Today become a story hunter and gatherer


In TeachNow, we define four levels of teaching:

Information, Experience, Inspiration, and Transmission. Stories are THE super-powerful way to incorporate all four levels.

But perhaps you don’t see yourself as a “story teller” or feel you don’t have any stories to tell or that you don’t have ‘teaching stories’ that make your point.

I used to feel like that, too. I wanted to be a honeyed-voice raconteur keeping you spellbound with my stories… but I wasn’t. So I gave up on telling stories.

What a fixed mindset and what baloney. We can all be good enough storytellers. We can all learn to spin a yarn!

The fact is you tell stories ALL THE TIME. Our brains are structured to live in narrative. We are all master storytellers – we just need to start seeing those stories and polishing them up a bit.

To do this, STOP being so literal about what a story is or what purpose it might serve in your teaching.

Instead, put your story ears on and collect every story fragment you read or hear or hear yourself saying for the next week – every little thing that happens to you or that you find interesting. It can be one line, “The bird hit the window and the dog jumped up to see what it was,” or a story you hear on NPR, or a story about you hearing a story on NPR!

Be sure and write your story bits down!

Then come to the free class on April 3rd at 4pm Pacific and raise your hand when I ask for one story gatherer. We will work with one person’s story bits and turn them into something you can use to teach your next class. And that lucky person (maybe you!) will win a free spot in TeachNow.

Here are few more ideas for story gathering:

  • Review your day for stories and jot down brief notes to remember what happened. Every day something happens that makes a good story.
  • Convene a story gathering circle with a friend or your family. Trade stories you’ve gathered over dinner, during your morning commute, or via email.
  • Do a free write for 10 minutes using the prompt, “The stories I most love about my life include…” Don’t edit out the hard or ugly ones. Collecting them does not mean you have to use them, only that you are letting them feed your teaching imagination.
  • Yes, it is okay to collect other people’s stories, but PLEASE credit them.
  • Get inspired by listening to the “Moth” or “Studio 360” podcasts.

Stories are teaching’s lifeblood — they can illustrate information, create shared experience and suggest experiences to “unpack” the stories, and they inspire and transmit emotion and energy.

Go get yourself some stories and then bring a tidbit or two to class on April 3rd. Sign up for the call right here – that’s the only way to can get your reminders and the replay.



Write Your Ideal Student a Love Letter

Ever consider writing a love letter to your future students? It’s a powerful way to release your doubts and fears and get clear on what you want to teach. Michele – whom I co-created TeachNow with – wrote one that I’d like to share with you as inspiration for your next course creation and marketing efforts.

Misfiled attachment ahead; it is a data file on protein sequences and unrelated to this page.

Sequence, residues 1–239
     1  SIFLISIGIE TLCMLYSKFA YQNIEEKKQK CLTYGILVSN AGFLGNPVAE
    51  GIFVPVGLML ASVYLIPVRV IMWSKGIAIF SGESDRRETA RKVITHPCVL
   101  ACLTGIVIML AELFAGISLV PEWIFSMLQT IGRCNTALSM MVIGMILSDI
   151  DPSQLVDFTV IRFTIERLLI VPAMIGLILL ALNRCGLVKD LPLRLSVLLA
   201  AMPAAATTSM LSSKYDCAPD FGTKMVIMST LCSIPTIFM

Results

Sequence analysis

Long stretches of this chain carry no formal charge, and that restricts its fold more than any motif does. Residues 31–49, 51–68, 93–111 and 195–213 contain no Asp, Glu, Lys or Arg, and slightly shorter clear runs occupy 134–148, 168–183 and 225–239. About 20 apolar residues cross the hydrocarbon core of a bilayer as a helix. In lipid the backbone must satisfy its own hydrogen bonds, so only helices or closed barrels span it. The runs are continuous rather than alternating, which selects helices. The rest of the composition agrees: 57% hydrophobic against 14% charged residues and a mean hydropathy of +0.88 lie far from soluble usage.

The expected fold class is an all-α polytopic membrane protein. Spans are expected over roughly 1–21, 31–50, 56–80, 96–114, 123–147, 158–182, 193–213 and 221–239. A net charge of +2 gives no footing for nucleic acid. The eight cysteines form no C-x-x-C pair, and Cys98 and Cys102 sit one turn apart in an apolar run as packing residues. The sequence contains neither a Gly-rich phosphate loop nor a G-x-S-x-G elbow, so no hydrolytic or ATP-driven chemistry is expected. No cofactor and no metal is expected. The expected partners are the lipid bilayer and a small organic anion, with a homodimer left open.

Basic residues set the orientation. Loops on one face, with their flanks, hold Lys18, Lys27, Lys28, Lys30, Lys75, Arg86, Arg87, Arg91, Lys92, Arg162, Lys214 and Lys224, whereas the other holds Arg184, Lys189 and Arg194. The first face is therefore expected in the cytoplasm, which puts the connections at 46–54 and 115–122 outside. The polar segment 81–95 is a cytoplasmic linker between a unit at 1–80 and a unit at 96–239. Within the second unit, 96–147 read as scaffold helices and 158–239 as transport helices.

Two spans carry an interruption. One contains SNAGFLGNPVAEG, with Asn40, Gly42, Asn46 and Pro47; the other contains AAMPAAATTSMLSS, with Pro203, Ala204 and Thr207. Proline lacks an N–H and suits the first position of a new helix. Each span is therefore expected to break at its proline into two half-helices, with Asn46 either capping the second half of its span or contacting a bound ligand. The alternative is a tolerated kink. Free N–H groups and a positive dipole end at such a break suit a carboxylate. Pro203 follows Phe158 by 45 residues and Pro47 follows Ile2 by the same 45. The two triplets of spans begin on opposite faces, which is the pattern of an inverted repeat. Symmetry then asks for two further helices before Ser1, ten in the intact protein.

My dear student,

I used to bang my head against the wall, thinking it was difficult to connect with you. I thought you were indifferent — or even hostile — to my offers. I thought I had to convince you or exhaust myself with over-giving in order to make you want my work.

I realize now that you have been looking for me, as much as I was looking for you. Now, I’m relaxed, focusing on making sure I share plainly what I offer, sharing little tastes of my work, and getting the word out in fun, easy ways so you will run across me easily in your search.

When we begin working together, I resolve to give you the just-right amounts of information and transformation so you’re neither under-stimulated nor overloaded. May I be sensitive to your capacity — and to my own enthusiasm. May I remember that the things I’m learning right now are NOT the same as the things you need to learn from my program right now. And that you may learn best from your peers in the program, from other resources, or from tools I set up online or in audio or video or pdf formats. What a relief to remember I don’t have to be the source of everything.

When your questions and needs bring up something I hadn’t thought of yet, I promise not to go into one of my funky freak-outs: it doesn’t mean I’m not a good teacher or that I “shoulda thought of that!” – just that I am lucky enough to be in learning from you.

Thank you for learning with me,


Now it’s your turn. Write a letter to a student you want to serve. Picture him or her as you write. Just one student for one offer. Stay focused. (I know, that can be hard. This isn’t about everything you will ever teach, just this class or course.)

Share your fears and frustrations. Imagine your student answering back, helping you focus on giving her what she needs and wants. Allow yourself to release being a “helicopter teacher” and paint a picture of how you would love to work with your students.

TeachNow-Affiliates-Badge-230x205Hope to see you on March 19th for a sample taste of TeachNow – I’ll be talking about helicopter teaching, learning to love negative feedback, and other juicy topics. This is an actual class, not a sales call, so you can see if TeachNow is a fit for you. Sign up here.